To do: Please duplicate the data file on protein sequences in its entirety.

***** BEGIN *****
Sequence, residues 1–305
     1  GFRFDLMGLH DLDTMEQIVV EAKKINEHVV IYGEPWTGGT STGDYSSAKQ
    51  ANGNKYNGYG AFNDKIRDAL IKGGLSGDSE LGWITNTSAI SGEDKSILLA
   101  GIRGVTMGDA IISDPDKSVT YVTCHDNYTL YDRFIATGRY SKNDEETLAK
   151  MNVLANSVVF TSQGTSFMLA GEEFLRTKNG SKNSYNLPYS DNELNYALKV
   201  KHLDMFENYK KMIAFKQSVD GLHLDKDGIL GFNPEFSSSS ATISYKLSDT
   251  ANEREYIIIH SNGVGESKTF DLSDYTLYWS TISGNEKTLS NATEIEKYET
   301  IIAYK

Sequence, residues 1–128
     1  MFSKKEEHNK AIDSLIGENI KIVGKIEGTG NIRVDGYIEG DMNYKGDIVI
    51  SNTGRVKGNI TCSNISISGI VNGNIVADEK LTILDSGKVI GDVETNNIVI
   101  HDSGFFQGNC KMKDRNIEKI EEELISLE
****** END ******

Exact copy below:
Sequence, residues 1–305
     1  GFRFDLMGLH DLDTMEQIVV EAKKINEHVV IYGEPWTGGT STGDYSSAKQ
    51  ANGNKYNGYG AFNDKIRDAL IKGGLSGDSE LGWITNTSAI SGEDKSILLA
   101  GIRGVTMGDA IISDPDKSVT YVTCHDNYTL YDRFIATGRY SKNDEETLAK
   151  MNVLANSVVF TSQGTSFMLA GEEFLRTKNG SKNSYNLPYS DNELNYALKV
   201  KHLDMFENYK KMIAFKQSVD GLHLDKDGIL GFNPEFSSSS ATISYKLSDT
   251  ANEREYIIIH SNGVGESKTF DLSDYTLYWS TISGNEKTLS NATEIEKYET
   301  IIAYK

Sequence, residues 1–128
     1  MFSKKEEHNK AIDSLIGENI KIVGKIEGTG NIRVDGYIEG DMNYKGDIVI
    51  SNTGRVKGNI TCSNISISGI VNGNIVADEK LTILDSGKVI GDVETNNIVI
   101  HDSGFFQGNC KMKDRNIEKI EEELISLE